Even Call Girls Get the Blues: The madam picks up a fallen woman.
Even Call Girls Get the Blues: The madam picks up a fallen woman.

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Nobody beats an idea to death like an absurdist playwright, except maybe an exercised leftist—or the French—so you can just imagine how much fun awaits in The Balcony, Jean Genet’s epic jeer at power and its temptations. It’s something of an accomplishment, really: a show that somehow makes politics, sex, and the fetishistic urge tedious.

Things don’t start off boring: In a nameless and nervously unstable country, a judge, a bishop, and a general (or rather three men who covet those positions) frequent a famous bordello, getting their rocks off while role-playing their fantasies. Later, when the revolution comes, they’re forced to take on the actual jobs and install the madam as queen. All power is illusion, see, all social roles just variations on drag, and we all whore ourselves in pursuit of position and influence.

It’s not the style that’s missing: Robert McNamara’s colorfully bawdy Scena Theatre production wraps the judge (Buck O’Leary) in scarlet robes and sets him a-­quivering at the sight of a thief crying mercy before a whip-wielding executioner; it also sets the general (Terence Heffernan) a-frolicking with his horse in a gaudy Napoleonic get-up. It straps the bishop (Kim Curtis) into 6-inch platform lace-ups; it also parades one comely prostitute (a ravishingly poised Danielle Davy) in little more than a safety-pinned black sheath. Ringmastering this sociopolitical circus is Rena Cherry Brown’s fishnetted, bustiered madam—playful with her favorite whores, hard-nosed with her dithering clients, and jumpier by the minute about the machine-gun fire (which seems to be getting closer) and her police-chief lover, (who seems to be missing in action).

Nor is it attitude that’s in short supply. Genet’s text, at least in the uncredited translation McNamara’s using, is a kind of lumbering masterpiece; it lurches from derisive rhapsody to sullen, leering confrontation to brief, breathtaking intimacy—where it draws up short for an instant, only to laugh, caustically, with contemptuous glee at having drawn you in.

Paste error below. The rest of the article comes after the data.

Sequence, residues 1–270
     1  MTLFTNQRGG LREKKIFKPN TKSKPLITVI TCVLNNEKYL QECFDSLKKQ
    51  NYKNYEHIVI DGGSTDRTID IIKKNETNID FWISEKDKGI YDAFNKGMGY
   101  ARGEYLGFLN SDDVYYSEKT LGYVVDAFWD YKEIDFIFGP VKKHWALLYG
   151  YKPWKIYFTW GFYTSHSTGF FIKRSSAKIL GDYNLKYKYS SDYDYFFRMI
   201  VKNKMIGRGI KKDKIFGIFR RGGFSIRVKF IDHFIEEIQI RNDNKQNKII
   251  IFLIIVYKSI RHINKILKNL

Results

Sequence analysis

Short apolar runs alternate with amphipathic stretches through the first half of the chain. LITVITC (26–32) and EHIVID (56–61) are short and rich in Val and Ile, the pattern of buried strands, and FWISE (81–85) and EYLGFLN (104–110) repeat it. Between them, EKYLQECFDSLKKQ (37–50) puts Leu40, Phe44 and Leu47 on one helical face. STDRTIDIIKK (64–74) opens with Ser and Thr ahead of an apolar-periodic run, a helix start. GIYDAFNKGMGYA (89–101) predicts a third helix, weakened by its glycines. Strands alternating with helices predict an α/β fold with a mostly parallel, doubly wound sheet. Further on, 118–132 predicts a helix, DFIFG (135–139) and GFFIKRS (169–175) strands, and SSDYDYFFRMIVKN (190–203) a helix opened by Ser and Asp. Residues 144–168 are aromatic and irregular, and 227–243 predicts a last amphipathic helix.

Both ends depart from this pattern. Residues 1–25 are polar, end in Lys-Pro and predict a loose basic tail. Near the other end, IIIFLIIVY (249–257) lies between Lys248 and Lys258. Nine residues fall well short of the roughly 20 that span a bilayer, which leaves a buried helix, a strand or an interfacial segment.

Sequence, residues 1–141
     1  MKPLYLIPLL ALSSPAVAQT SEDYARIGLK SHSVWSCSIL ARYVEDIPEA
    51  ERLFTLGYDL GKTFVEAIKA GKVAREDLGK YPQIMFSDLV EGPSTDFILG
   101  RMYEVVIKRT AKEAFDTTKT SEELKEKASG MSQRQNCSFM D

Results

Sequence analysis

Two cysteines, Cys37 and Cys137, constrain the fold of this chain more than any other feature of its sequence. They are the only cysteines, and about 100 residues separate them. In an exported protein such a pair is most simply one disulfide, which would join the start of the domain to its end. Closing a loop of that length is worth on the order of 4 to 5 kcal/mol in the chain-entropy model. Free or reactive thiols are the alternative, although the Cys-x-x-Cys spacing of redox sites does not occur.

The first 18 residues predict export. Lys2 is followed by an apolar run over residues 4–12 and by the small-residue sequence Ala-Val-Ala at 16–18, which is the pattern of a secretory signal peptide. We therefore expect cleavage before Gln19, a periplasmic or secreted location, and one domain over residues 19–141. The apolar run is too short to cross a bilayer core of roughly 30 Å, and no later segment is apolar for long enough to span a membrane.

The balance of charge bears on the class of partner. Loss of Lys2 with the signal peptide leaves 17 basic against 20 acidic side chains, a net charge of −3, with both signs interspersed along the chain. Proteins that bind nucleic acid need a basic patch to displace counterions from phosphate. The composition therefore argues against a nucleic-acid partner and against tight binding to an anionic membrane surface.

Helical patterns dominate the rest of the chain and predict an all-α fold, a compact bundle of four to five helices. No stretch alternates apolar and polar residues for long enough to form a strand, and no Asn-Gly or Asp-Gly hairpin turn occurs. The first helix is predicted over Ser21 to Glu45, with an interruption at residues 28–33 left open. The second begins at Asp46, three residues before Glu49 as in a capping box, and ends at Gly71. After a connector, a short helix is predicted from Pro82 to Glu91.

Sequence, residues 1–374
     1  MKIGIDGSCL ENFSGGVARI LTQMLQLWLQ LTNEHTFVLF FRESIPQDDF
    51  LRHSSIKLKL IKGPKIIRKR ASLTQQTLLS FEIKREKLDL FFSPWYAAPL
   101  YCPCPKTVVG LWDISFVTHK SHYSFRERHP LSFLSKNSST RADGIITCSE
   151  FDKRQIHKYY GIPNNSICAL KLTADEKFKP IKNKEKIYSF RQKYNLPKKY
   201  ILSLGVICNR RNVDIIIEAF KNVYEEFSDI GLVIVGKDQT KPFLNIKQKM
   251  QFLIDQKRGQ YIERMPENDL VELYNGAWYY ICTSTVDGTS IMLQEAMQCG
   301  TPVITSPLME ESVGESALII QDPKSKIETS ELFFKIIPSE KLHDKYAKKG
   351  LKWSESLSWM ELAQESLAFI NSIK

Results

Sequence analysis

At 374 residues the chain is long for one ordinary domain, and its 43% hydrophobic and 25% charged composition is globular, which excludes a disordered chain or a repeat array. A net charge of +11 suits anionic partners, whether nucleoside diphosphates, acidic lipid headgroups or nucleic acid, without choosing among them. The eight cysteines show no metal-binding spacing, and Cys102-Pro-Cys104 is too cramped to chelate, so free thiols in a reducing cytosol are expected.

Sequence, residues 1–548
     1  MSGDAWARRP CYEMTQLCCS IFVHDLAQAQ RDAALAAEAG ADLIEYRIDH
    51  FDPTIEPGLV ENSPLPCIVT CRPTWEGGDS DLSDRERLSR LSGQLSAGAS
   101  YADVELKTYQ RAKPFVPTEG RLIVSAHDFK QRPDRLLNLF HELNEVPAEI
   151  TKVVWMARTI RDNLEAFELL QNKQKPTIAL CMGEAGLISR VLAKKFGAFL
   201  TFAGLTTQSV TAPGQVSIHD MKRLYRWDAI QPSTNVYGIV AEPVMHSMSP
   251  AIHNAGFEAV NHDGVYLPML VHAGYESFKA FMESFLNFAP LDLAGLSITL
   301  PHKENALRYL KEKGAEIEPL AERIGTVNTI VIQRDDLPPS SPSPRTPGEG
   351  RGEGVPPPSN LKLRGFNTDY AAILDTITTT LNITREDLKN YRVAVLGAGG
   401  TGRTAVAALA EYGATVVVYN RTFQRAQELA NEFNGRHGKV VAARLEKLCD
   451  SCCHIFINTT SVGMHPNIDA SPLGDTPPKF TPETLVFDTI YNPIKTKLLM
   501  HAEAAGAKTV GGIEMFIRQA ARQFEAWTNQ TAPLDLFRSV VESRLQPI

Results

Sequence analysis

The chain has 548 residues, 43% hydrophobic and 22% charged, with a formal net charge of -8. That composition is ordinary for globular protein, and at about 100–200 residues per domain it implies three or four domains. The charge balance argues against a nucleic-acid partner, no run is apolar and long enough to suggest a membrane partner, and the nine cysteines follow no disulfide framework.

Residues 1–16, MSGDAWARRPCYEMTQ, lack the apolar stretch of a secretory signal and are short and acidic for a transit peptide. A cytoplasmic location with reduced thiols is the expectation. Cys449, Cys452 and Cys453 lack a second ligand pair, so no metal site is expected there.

The trouble is that it lumbers and lurches and leers repeatedly, with an enfant terrible’s fondness for the noise of his own transgressions. And what must have seemed genuinely alarming in the late ’30s—before two generations of viciousness and political bankruptcy left us all as jaded as Genet—hardly raises an eyebrow in the 21st century. A judge who needs his naughty thief to be bad so he’ll have someone to discipline? Mildly interesting, as a critique of interdependent social roles; as a titillating stage gambit, though, it’s kind of a yawn.

What’s left to make theater with is energy and craft: Lacking much of the latter (though Brown, Davy, and Frank Britton’s royal envoy do deploy a bit here and there), McNamara’s staging settles mostly for the energy. And so Genet’s famously revolutionary play does indeed end up feeling something like genius—roughly 1 percent inspiration and 99 percent perspiration. Because it’s theater, though, we’re apparently expected to sit through the whole 100 percent.